Australian publishers increasingly take on short story collections these days, and among recent volumes I especially admired Danielle Wood's Mothers Grimm (Allen & Unwin), a brilliant and coruscating set of stories on motherhood, where magic works with malice – no happy endings here. On a related theme, Ali Smith's novel How to Be Both is an extraordinary double narrative of a contemporary teenage girl mourning her mother's death and the invented biography of an Italian Renaissance painter: it bends genre and gender, and blends past and present.
If there were an award for Best Family Book, Binny in Secret by Hilary McKay (Hodder) would surely win. The Cornwallis family relocating to a small Cornish town take on disasters and mysteries, school bullies and even a chicken-stealing 'jagular' in a story rich in love and laughter, including a poignant subplot about a trio of cousins who lived in the house a hundred years ago. Twelve-year-old Binny is an endearing heroine. I adored this book. For older readers, Vikki Wakefield in Inbetween Days (Text) proves again that she's the mistress of YA twisted relationships and disturbed characters, all memorable, all sketched with compassion, wit and insight, the adults as well as teens. One of the best of the 'Gallipoli' books is One Minute's Silence (Allen & Unwin) by David Metzenthen and Michael Camilleri: a classroom of bored Year Twelve students catapulted into the action on those hellish slopes in 1915.
It's become quite the thing to write about mothers of yesteryear, whether in fiction or memoir: to tease out notions of good and bad mothering, the almost unbelievable constraints and pressures those mothers were often subjected to, the lingering effects on later generations, and the role that fathers did or didn't play. It can be a hard subject to write about without descending into sentimentality, indignation, melodrama, or utter gloom. Three Australian books hit the right nuanced note for me: Rod Jones's novel The Mothers (Text, 6/15), a wrenching saga of four generations of women and what they were denied; Kate Grenville's story of her mother, One Life (Text, 4/15), an inspiring tale of making the best of very limited opportunities, whether professional or personal; and Stephanie Bishop's quietly devastating novel The Other Side of the World (Hachette, 9/15), which gave me the most exquisite sense of slow suffocation. Lest we forget.
British historian Peter H. Hansen spoke to my weakness for expeditionary adventure. Ever alert to the cultural meanings of our relationship with mountains, The Summits of Modern Man: Mountaineering after the Enlightenment (Harvard) roves the great ranges, from Mont Blanc to Everest. If Hansen led me upwards, anthropologist Melinda Hinkson took me outwards to the Tanami Desert. Remembering the Future: Warlpiri Life through the Prism of Drawing (Aboriginal Studies Press) is both a beautiful art book and a personal, highly perceptive account of Warlpiri culture, where pencil and crayon drawings, commissioned by anthropologist Mervyn Meggitt in the 1950s, become mnemonic stimuli for Aboriginal people today. A 'huge sunlit series / of changing moods' is evoked by the final poems of Martin Harrison who died in 2014. An elegiac record of the love and loss that coloured the poet's last years, Happiness is another stimulus to memory, majestic in its capacity to listen and observe.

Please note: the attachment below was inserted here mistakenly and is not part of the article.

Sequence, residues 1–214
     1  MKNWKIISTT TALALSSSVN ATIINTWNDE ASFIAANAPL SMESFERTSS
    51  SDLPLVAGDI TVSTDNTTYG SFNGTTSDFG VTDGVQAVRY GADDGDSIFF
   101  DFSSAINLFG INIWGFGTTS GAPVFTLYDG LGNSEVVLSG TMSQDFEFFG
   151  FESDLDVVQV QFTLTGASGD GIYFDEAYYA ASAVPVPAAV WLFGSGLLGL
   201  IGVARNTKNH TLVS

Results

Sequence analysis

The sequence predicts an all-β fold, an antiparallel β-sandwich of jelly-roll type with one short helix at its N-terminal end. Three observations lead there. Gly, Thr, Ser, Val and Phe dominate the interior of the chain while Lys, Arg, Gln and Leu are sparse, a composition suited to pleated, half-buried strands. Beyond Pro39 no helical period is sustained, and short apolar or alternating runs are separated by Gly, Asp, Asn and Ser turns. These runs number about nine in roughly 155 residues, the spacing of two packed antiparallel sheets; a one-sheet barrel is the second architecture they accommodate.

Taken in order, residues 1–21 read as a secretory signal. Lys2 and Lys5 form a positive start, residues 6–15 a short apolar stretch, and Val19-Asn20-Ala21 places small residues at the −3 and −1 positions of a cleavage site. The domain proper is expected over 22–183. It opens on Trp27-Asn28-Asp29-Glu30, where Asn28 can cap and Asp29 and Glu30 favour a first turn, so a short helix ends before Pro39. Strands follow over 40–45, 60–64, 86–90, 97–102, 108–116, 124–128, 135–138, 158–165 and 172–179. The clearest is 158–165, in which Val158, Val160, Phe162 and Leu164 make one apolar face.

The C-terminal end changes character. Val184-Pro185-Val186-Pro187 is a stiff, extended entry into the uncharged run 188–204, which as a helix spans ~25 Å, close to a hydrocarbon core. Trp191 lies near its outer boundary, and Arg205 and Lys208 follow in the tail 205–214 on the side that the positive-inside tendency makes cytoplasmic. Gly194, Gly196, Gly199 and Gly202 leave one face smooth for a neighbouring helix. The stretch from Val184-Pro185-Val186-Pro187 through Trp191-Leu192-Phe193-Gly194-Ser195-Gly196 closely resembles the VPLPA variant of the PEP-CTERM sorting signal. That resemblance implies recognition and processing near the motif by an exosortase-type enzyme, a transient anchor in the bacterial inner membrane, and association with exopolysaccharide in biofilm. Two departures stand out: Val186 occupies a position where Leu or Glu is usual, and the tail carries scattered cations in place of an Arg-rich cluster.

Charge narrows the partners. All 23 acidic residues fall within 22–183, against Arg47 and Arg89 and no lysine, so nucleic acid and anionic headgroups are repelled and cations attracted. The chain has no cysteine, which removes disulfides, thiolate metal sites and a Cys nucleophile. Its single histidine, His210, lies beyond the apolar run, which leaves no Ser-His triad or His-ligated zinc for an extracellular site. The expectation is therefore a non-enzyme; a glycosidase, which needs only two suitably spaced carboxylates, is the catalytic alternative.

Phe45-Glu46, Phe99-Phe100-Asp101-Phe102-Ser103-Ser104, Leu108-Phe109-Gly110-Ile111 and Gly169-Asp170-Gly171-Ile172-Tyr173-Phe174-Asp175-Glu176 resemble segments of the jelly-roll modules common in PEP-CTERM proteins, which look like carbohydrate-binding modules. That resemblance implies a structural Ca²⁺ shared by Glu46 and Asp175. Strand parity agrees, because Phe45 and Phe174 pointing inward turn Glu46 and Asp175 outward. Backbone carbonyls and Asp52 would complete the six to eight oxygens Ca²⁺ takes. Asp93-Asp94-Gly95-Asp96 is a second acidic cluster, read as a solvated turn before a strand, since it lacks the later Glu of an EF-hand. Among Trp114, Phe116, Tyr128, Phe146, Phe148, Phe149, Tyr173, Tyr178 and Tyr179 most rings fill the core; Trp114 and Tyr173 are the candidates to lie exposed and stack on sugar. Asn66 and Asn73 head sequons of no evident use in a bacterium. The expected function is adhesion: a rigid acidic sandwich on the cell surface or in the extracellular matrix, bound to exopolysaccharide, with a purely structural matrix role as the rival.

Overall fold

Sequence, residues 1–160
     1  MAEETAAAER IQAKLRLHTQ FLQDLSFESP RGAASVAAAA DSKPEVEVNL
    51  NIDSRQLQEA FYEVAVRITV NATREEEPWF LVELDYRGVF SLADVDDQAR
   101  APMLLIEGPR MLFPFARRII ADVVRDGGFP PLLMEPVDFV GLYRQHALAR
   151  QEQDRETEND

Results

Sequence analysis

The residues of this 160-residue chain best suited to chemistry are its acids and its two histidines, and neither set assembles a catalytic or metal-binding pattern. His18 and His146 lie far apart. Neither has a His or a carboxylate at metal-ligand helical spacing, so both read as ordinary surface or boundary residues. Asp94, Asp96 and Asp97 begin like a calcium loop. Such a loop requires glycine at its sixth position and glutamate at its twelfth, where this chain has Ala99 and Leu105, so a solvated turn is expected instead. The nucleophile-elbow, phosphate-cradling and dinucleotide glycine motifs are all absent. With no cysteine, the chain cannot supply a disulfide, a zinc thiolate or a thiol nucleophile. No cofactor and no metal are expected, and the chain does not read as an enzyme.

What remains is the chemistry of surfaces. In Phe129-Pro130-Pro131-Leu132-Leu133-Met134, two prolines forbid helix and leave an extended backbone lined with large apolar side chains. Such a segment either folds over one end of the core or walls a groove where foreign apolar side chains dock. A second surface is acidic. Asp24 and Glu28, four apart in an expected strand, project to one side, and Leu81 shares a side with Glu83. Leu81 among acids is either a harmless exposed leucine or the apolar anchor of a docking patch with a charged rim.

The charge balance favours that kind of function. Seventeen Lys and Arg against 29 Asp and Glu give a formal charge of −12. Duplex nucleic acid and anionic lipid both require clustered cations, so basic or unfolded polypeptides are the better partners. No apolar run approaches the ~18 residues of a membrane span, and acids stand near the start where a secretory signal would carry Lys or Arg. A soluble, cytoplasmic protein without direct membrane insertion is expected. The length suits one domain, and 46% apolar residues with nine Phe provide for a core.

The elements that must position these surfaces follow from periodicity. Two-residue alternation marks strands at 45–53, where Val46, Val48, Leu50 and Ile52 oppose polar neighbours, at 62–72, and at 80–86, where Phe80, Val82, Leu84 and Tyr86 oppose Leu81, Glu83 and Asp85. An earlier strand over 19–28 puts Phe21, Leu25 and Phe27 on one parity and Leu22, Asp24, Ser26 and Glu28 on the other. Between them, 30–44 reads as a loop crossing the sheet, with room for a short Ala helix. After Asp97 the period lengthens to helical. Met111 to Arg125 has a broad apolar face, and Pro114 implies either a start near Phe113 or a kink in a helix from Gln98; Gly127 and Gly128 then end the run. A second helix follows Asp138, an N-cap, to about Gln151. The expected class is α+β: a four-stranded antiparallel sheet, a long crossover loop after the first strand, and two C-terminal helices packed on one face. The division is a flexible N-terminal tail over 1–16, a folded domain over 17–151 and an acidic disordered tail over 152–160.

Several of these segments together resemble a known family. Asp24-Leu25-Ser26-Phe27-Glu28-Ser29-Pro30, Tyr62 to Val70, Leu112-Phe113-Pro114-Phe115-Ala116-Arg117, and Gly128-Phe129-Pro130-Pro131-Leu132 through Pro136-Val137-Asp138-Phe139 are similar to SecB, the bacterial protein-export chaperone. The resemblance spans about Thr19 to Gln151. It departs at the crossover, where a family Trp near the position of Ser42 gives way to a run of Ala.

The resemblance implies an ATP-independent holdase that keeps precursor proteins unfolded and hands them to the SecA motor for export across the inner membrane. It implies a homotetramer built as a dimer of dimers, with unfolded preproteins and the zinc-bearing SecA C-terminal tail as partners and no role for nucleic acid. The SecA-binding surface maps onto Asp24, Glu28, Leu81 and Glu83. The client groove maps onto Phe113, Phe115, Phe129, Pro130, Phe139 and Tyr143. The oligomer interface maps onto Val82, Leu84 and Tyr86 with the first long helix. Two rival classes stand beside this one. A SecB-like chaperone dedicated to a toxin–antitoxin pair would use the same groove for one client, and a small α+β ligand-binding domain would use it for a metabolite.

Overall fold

Two books I read this year seem like unexpected companion pieces: the Italian Elena Ferrante's novel Those Who Leave and Those Who Stay; and Drusilla Modjeska's memoir Second Half First. Ferrante's novel is the third in a series about a compulsive and uneasy friendship between two poor and clever women. One is a publicly acknowledged writer, the other is her critic, her inspiration, her adversary and her guide. Modjeska's memoir charts the politics and friendships, the writing and thinking, of the later part of her life. Both books register the great exchanges that are possible between life and literature. Both are intense and accomplished explorations of writing, politics, sexuality, friendship, and cities.
Walking: New and Selected Poems (John Leonard Press, 5/14) contains old favourites and adds to them new poems in Kevin Brophy's signature voice: gentle, slightly mournful, threaded through with humour. I thought I had read every 'take' on the Holocaust, but Ramona Koval adds something fresh with Bloodhound: Searching for My Father (Text, 5/15): the drive to find a more appealing lineage; a rebuilding after the disaster, perhaps. Ross Gibson's poetry is marked by the numinous, then undercut by the quotidian, the earthy. Stone Grown Cold (Cordite, 8/15), a mix of prose poems, lyrics, lists, and fragmentary images, reflects a different way of seeing. A companion piece to the disturbing and engaging Life after Life, Kate Atkinson's A God in Ruins (Penguin) has a more elegiac note, and is a lovely essay on grace in the face of disappointment, damage, and death.
Irish author Paul Murray received mixed reviews for his most recent novel, The Mark and the Void (Hamish Hamilton). Yet the man is clearly a genius – smart, funny, profound, ludicrously modest – and the flaws in his story about the Irish experience of the GFC and its fallout are par for the course when you're venturing to wring human drama from investment banking. It made me laugh, ponder, and despair.